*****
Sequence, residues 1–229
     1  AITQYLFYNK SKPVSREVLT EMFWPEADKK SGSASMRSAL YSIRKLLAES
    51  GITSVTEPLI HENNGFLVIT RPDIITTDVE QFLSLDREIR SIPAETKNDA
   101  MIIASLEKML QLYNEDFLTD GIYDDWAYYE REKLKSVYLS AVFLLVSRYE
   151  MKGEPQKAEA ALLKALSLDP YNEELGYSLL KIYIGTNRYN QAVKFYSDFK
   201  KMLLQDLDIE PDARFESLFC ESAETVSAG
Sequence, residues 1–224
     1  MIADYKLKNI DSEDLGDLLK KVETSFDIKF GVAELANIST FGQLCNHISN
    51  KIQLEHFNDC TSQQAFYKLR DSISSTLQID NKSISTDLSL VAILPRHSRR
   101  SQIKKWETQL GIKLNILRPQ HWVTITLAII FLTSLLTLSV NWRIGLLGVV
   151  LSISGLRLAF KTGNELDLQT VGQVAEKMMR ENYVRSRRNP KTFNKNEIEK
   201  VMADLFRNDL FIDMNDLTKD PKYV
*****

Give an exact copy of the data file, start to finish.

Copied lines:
Sequence, residues 1–229
     1  AITQYLFYNK SKPVSREVLT EMFWPEADKK SGSASMRSAL YSIRKLLAES
    51  GITSVTEPLI HENNGFLVIT RPDIITTDVE QFLSLDREIR SIPAETKNDA
   101  MIIASLEKML QLYNEDFLTD GIYDDWAYYE REKLKSVYLS AVFLLVSRYE
   151  MKGEPQKAEA ALLKALSLDP YNEELGYSLL KIYIGTNRYN QAVKFYSDFK
   201  KMLLQDLDIE PDARFESLFC ESAETVSAG
Sequence, residues 1–224
     1  MIADYKLKNI DSEDLGDLLK KVETSFDIKF GVAELANIST FGQLCNHISN
    51  KIQLEHFNDC TSQQAFYKLR DSISSTLQID NKSISTDLSL VAILPRHSRR
   101  SQIKKWETQL GIKLNILRPQ HWVTITLAII FLTSLLTLSV NWRIGLLGVV
   151  LSISGLRLAF KTGNELDLQT VGQVAEKMMR ENYVRSRRNP KTFNKNEIEK
   201  VMADLFRNDL FIDMNDLTKD PKYV